Eswatini, a tiny country of just over a million people in southern Africa, has one of the highest HIV prevalence rates in the world: 27% of adults live with the disease.
But Eswatini, together with Switzerland, are the first countries to achieve the '95-95-95' global HIV target. This means that 95% of people living with HIV in Eswatini know their status, that 95% of people who know their HIV-positive status are accessing treatment and that 95% of people on treatment have suppressed viral load. The '95-95-95' deadline is 2030, meaning Eswatini reached the target an entire decade in advance.
This success can be attributed to investments in HIV prevention and treatment interventions targeting the hardest-to-reach and most vulnerable populations. This includes girls and young women - who across East and southern Africa continue to be disproportionately affected by HIV. In Eswatini, 63% of people living with HIV are women.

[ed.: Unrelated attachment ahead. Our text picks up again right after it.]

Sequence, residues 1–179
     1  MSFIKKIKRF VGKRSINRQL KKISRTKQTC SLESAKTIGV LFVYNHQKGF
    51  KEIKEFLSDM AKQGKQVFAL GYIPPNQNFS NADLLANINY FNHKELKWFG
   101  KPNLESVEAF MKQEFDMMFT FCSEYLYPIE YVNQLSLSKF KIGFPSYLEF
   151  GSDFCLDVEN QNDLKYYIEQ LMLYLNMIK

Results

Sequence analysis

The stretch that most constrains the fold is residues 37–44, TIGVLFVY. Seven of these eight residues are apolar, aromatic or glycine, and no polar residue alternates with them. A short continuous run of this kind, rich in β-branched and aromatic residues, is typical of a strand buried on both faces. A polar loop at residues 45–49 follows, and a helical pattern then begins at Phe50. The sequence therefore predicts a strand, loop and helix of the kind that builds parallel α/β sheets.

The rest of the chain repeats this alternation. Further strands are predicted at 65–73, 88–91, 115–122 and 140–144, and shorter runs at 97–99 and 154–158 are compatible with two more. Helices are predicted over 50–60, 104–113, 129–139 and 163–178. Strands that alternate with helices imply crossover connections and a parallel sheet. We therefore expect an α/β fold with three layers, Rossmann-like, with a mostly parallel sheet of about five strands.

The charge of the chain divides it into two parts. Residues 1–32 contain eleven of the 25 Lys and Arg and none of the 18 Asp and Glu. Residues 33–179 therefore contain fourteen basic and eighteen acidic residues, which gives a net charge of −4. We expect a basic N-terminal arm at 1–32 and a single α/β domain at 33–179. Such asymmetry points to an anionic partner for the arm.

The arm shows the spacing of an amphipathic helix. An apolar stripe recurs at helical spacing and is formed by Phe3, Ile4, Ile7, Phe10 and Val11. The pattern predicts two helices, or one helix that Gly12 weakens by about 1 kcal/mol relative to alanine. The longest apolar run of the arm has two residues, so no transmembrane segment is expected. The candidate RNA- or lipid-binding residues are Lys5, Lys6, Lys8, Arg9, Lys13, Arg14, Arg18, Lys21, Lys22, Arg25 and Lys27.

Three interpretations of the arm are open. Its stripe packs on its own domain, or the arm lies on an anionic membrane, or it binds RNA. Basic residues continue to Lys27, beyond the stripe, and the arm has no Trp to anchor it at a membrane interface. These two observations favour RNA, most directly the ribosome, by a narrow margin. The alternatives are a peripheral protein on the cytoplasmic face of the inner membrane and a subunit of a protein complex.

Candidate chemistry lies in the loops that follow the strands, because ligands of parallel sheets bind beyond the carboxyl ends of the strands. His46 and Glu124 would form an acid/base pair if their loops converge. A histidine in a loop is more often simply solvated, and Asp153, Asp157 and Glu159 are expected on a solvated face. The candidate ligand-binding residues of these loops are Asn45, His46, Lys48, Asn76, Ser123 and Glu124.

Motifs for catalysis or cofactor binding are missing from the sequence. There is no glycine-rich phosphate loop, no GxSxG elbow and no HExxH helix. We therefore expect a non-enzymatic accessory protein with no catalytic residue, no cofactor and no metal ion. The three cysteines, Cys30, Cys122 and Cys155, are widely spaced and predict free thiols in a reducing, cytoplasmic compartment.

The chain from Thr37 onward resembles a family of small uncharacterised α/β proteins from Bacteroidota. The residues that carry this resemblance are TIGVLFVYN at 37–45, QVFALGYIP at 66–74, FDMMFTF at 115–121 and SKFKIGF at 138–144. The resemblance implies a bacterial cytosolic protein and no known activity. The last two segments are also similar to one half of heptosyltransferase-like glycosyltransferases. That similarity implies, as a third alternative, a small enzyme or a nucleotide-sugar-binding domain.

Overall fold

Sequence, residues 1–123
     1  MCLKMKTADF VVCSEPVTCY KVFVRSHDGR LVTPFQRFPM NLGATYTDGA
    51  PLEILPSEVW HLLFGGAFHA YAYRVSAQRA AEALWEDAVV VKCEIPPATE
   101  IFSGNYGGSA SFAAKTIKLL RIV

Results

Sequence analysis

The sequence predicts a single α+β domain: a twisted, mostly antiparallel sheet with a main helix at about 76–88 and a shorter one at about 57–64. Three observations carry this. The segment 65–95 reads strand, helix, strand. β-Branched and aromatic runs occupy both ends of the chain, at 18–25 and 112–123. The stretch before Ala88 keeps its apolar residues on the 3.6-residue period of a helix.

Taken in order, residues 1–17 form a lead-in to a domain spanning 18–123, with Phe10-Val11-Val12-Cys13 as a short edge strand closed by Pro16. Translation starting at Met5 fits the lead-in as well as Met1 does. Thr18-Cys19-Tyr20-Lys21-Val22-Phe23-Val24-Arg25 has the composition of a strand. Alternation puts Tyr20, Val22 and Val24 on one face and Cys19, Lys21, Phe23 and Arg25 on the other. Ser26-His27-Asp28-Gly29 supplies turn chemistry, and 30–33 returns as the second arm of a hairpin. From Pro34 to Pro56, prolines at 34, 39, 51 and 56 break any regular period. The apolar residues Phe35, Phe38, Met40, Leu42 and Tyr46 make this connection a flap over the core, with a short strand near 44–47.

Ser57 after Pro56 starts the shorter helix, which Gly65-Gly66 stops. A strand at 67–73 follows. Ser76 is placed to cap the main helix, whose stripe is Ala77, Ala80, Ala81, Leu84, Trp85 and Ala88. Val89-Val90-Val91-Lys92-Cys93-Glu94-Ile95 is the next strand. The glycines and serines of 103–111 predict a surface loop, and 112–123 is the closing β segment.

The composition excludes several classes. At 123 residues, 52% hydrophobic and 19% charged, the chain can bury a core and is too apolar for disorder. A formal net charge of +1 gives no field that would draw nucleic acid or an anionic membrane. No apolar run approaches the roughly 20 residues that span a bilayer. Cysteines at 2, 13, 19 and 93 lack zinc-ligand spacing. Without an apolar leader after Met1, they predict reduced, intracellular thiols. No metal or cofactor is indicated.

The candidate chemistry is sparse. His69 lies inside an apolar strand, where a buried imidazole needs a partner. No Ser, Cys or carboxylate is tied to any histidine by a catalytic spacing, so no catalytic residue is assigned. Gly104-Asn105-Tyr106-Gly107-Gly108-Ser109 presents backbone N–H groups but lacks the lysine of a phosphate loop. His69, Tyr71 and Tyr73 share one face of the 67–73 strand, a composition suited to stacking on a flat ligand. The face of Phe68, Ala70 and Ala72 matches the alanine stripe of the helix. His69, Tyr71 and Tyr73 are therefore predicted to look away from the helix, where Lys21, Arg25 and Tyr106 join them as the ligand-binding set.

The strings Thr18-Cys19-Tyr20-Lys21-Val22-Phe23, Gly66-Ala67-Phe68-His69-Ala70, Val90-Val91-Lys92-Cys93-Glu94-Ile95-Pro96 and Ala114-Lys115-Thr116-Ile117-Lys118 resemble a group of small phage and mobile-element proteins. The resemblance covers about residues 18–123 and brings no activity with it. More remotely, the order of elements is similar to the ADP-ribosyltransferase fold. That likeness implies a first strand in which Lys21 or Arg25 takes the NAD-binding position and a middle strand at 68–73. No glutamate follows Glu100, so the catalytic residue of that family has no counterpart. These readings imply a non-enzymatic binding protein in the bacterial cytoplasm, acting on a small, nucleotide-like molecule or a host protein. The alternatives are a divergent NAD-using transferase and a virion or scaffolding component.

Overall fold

Adolescent girls and young women take part in a safe sex training, facilitated by Pact Eswaziland, where they learn about relationships, safe sex, HIV prevention, gender and strategies for those living HIV. Photo: Pact
There is evidence that keeping adolescent girls in school reduces their vulnerability to HIV infection. Across Eswatini and other countries with a high burden of HIV among adolescent girls, the Global Fund invests in education, health and economic programs that focus on girls and young women to help reduce their vulnerability to the disease. This includes through "Girl Champ", a program by Project Last Mile in Eswatini that informs and empowers adolescent girls to protect their health by setting up safe, girls-only spaces for youth-centered dialogue on vital health issues including HIV prevention.